Mariel Mariel - Foto Pa Ti

Foto Pa Ti, Mariel Mariel
Pan Dulce Productions /
Cosmica Records, Chile
Rating: 67
by Carlos Reyes

The first time Mariel Mariel contacted us she introduced herself as “Mariel, la chilena chilanga.” The title fits her well. She’s become a distinguished musician for Mexico’s cream of the crop indie acts (particularly as part of the band that accompanies Carla Morrison) and has slowly, but determinedly, pushed inward her solo project. Although she has yet to massively breakthrough in the same way her peers or compatriots have, Mariel Mariel has built a bit of a cool underdog status (something that has allowed her to venture from one genre to another). Mariel’s latest EP Foto Pa Ti is a significant departure from the disco diva and melodic chanteuse paths she’s surveyed in her two first references, No Me Despierten! and La Musica Es Buena. And it’s an abrupt, head-scratching (yet smart) reconstruction. Her crossing over to urban pop opens a query on credibility, posture, and appropriation, all of which seem to be confronted (to some degree) in her new EP, the very entertaining Foto Pa Ti.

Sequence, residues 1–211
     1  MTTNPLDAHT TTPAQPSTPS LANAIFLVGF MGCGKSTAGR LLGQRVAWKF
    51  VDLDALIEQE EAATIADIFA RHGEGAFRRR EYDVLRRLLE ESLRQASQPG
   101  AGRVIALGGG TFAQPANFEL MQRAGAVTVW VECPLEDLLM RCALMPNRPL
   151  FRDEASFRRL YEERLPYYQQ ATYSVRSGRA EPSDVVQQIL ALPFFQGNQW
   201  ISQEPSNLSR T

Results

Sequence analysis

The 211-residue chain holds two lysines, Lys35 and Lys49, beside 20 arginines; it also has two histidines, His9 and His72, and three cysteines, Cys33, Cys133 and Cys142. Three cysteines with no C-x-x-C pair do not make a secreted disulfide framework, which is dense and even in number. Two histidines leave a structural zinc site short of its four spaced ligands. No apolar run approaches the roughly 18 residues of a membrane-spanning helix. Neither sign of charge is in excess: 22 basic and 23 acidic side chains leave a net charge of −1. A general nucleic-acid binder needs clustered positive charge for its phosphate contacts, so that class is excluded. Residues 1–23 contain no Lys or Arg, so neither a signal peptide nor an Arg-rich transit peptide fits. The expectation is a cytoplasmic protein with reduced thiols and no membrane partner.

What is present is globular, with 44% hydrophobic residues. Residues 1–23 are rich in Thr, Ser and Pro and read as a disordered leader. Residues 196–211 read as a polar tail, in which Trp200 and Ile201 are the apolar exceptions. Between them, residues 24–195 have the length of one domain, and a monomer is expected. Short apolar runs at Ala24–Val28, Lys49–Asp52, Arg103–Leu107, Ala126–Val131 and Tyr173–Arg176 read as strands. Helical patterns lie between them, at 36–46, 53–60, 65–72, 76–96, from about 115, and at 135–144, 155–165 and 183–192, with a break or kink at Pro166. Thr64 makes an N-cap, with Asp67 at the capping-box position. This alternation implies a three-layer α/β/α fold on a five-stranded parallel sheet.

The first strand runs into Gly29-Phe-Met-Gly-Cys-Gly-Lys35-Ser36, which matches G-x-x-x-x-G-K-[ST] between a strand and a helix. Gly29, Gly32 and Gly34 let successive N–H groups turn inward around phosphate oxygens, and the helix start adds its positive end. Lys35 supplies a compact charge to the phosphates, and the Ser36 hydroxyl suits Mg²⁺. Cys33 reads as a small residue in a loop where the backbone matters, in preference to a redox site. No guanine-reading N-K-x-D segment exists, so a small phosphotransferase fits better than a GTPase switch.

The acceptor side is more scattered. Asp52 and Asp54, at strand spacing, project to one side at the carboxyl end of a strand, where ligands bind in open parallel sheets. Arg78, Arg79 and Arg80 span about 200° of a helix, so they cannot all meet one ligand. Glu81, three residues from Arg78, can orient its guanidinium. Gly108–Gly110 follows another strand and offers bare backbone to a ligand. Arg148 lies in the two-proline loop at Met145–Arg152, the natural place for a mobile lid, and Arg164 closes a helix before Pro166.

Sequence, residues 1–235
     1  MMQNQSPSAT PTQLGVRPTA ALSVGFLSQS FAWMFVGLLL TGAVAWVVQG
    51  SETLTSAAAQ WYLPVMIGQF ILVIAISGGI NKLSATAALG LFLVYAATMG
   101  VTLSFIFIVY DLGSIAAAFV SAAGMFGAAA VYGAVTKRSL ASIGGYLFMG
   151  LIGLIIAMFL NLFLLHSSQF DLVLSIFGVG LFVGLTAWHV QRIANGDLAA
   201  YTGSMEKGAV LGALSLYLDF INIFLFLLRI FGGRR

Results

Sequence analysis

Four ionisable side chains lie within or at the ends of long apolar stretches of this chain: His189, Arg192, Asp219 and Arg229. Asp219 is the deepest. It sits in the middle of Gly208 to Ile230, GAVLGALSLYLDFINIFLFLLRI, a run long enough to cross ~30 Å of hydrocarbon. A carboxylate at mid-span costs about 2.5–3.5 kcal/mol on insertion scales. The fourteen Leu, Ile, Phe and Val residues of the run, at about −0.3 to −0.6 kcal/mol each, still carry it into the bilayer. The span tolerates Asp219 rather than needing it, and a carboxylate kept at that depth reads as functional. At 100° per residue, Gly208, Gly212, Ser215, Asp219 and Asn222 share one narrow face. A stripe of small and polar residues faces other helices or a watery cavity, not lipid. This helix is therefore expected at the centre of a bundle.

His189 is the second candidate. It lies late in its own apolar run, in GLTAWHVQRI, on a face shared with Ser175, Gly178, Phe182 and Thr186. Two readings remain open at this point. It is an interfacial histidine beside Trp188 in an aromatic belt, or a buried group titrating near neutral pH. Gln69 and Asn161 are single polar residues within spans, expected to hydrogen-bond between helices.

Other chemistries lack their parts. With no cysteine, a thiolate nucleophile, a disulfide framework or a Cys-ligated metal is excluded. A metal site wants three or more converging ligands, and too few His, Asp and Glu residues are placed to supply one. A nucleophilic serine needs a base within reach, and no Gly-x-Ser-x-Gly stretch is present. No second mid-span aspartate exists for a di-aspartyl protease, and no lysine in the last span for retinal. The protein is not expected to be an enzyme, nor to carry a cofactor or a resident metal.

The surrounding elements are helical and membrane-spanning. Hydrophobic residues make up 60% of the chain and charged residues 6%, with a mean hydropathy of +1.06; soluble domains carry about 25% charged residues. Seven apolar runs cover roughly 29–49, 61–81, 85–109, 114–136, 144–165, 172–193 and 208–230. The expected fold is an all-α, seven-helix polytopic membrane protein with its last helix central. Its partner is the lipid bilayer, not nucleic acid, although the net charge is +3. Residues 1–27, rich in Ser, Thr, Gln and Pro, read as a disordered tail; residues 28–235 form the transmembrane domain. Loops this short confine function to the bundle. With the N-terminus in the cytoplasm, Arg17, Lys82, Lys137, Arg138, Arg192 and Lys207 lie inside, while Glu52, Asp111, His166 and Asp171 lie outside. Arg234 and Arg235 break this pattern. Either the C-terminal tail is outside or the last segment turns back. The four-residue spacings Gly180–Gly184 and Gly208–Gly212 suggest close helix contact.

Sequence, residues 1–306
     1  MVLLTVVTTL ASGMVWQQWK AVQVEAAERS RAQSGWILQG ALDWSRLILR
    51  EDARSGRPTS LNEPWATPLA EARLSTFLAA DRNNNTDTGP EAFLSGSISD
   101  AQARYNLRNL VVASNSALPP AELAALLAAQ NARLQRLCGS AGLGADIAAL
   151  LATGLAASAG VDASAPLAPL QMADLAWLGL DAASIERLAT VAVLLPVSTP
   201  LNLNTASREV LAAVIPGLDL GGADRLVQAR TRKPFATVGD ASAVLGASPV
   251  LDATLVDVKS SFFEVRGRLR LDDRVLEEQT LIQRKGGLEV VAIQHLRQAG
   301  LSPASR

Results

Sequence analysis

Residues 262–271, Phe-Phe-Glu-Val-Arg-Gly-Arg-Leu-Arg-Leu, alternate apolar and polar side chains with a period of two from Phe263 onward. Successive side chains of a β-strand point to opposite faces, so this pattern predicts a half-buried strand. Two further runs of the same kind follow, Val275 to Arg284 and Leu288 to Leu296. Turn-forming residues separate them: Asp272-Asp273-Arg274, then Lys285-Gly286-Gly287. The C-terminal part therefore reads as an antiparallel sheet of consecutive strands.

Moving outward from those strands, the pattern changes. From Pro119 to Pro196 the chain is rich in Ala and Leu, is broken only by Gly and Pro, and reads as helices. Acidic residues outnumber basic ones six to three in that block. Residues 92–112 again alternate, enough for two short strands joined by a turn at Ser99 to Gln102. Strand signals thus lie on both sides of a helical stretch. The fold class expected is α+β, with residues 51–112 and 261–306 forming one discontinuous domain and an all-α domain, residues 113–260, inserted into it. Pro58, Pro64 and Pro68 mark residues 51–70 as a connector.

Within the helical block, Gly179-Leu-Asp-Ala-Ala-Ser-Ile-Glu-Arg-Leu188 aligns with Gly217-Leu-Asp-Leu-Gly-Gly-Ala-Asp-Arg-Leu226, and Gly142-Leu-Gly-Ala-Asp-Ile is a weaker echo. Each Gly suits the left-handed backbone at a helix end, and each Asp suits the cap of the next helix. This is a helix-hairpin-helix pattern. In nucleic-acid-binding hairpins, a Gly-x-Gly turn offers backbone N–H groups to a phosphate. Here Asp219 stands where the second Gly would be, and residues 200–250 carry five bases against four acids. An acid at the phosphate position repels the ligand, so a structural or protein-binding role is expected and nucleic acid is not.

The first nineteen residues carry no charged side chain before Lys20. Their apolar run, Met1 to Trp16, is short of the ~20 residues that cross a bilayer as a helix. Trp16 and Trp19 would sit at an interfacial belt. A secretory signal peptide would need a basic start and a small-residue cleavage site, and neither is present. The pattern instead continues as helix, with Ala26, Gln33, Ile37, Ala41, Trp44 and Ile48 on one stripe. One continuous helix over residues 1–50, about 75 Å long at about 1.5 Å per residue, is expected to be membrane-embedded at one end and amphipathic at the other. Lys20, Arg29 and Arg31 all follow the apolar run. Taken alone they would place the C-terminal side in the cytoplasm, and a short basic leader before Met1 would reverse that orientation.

There’s no denying this new phase of Mariel Mariel is in need of articulation. “Foto Pa Ti” (and its accompanying lyric video) screams Rita Indiana in both sound and aesthetics (who could ever forget that video for “El Blu del Ping Pong”?). But stripped down from its tropical frenzy, “Foto Pa Ti” is still admirable in structure and its tailored wittiness (besides, EPs are meant to be vessels for confessing the references upfront). Songs like the seductive “Noche Noche” and catchy first single “Tirame Un Beso” reveal a lyrical imagery that is sensual and populist, but it’s missing that tragic resonance that recent mantra mavericks (Leidi Li, Valentina Fel) have delivered to us. Foto Pa Ti (produced by Latin Grammy winner Sonido Landon) also includes a collaboration with the EP’s executive producer Carla Morrison (under her Pan Dulce Productions imprint) and a quite amusing maximalist cover for Juan Cirerol’s narcotically poetic “Toque y Rol.” It will take Mariel a proper full-length album to aptly resolve the eyebrow-raising query, but the potential for something big (and geographically significant) is certainly there.